Saturday: Learn 15 Ways to Improve Your Woods and Wildlife

A March 25 workshop near Cincinnati will help you help your woods and what lives there, such as birds like this Baltimore oriole. (Photo: iStock.)

COLUMBUS, Ohio — If trees, deer, birds, butterflies, mushrooms and more are your things, check out this year’s Ohio River Valley Woodland and Wildlife Workshop. It’s on March 25 in Burlington, Kentucky, just south of Cincinnati.

The public event, which brings in experts from Ohio, Kentucky and Indiana, offers 15 how-to sessions on forests and the life that lives there.

Co-organizer Kathy Smith, forestry program director in the College of Food, Agricultural, and Environmental Sciences at The Ohio State University, said the aim is to “help you get the most out of your property.”

There will be sessions, for example, on planting trees, growing mushrooms and keeping the wildlife you normally like from eating your favorite plants.

These kinds of cavities you want

A three-session series will cover cavity-nesting birds, how to identify them and how to help them live on your land. “Cavities” include bird boxes and natural holes in trees. Birds that use them include bluebirds and chickadees.

How to help save monarchs

You also can learn:

  • How to identify trees, from ash to willow, beech to maple, buckeye to sycamore and others; how to keep your trees — and your woods overall — as healthy as they can be; and specifically how to help oaks, which have seen declines in the region.
  • How to identify invasive plants, such as tree-of-heaven and kudzu, and fight them back.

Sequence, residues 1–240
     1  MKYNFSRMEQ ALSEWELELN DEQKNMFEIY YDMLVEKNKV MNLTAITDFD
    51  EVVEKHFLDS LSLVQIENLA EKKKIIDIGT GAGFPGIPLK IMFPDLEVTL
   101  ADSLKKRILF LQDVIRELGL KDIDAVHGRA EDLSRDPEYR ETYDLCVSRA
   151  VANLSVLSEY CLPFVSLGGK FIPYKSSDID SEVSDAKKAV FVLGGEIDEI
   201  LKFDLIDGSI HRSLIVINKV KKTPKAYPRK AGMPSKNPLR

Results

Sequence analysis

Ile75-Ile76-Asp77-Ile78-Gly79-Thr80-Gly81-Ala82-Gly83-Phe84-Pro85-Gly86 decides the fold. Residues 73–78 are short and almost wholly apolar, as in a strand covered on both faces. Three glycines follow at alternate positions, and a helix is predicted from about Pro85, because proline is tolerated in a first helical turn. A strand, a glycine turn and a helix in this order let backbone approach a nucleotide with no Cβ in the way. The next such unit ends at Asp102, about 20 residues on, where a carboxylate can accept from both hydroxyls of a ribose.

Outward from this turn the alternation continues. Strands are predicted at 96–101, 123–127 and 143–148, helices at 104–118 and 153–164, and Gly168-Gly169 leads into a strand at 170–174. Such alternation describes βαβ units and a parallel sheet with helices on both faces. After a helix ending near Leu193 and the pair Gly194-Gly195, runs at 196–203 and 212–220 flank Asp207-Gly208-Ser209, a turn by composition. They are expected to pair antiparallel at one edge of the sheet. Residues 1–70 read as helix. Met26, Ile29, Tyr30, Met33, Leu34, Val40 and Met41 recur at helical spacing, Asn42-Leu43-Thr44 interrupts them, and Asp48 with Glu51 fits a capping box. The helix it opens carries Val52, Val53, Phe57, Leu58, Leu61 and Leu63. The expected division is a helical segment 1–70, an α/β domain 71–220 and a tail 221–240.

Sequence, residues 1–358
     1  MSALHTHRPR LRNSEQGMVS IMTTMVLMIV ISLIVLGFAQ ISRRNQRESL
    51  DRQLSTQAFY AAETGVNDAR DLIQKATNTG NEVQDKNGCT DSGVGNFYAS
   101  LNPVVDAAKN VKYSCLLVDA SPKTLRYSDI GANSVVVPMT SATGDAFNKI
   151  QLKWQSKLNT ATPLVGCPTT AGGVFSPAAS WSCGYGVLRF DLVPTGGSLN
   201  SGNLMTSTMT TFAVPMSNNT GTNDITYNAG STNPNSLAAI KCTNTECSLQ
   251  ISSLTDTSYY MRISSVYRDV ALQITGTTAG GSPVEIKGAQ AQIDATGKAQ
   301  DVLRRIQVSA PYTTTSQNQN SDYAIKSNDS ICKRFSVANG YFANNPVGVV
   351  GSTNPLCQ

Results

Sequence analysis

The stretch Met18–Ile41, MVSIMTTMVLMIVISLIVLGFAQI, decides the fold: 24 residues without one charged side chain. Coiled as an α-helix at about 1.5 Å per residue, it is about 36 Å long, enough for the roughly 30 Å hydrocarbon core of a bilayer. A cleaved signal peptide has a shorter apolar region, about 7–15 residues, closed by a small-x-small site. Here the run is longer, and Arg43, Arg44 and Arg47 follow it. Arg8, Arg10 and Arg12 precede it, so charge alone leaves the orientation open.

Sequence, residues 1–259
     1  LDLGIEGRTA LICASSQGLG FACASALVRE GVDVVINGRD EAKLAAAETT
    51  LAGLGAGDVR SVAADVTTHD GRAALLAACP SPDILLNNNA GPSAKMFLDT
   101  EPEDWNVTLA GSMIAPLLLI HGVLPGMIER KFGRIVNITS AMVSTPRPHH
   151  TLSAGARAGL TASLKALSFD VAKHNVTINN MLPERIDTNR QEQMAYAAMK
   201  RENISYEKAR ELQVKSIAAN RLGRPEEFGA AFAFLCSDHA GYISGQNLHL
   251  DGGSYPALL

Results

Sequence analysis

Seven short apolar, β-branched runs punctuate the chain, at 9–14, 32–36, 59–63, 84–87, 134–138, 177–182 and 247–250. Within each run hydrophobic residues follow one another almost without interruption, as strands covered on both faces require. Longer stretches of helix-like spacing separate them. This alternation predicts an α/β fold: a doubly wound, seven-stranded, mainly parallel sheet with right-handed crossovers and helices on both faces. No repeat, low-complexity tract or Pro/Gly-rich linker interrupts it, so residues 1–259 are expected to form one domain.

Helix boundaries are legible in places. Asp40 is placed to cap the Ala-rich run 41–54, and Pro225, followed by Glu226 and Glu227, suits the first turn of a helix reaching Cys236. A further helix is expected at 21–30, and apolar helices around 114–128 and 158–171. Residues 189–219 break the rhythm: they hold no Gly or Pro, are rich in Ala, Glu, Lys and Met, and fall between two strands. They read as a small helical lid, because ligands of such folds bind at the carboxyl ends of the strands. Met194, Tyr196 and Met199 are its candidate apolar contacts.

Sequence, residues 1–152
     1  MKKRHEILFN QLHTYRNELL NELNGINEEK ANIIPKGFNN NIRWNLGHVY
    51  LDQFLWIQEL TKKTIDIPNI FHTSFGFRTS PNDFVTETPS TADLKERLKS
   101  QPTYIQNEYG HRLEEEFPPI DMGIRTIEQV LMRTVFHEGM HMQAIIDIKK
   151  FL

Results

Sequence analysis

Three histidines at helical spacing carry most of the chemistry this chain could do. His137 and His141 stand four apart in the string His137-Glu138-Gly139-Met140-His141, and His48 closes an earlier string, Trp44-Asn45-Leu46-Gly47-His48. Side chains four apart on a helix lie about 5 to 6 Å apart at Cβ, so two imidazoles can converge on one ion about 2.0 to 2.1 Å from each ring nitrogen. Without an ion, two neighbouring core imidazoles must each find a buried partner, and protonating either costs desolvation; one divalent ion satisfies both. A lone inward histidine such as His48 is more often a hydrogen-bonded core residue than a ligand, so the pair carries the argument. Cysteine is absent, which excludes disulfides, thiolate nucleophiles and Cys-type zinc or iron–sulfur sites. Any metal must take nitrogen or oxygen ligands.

• How to market timber while balancing wildlife needs and your forest’s sustainability.
  • How to use a web-based tool called My Land Plan to plan, map and document your stewardship work.
  • How to provide habitat for monarch butterflies and other pollinators. Monarch numbers have dropped an estimated 90 percent in the past 20 years due to habitat loss, and specifically the loss of milkweed plants. Monarchs need milkweeds for feeding and laying their eggs.

Experts from Ohio State, Purdue University, the University of Kentucky and the Kentucky Division of Forestry will teach the sessions.

Those four entities, along with Kentucky State University, are the co-sponsors of the workshop.

How to register

A complete list of the topics and speakers is available at go.osu.edu/BsD9. A mailable registration form is included at that link. Details about the event also are at go.osu.edu/BsD7, where there’s also a link to online registration. Registration is $55 and includes lunch.

The event is from 9 a.m. to 3:30 p.m. at the Boone County Cooperative Extension Enrichment Center, 6028 Camp Ernst Road, in Burlington.

Burlington is about 75 miles north of Lexington, Kentucky, 115 miles southeast of Indianapolis and 120 miles southwest of Columbus.

For more information about the program and registration, call 614-688-3421 in Ohio, 859-257-7597 in Kentucky and 765-494-3583 in Indiana.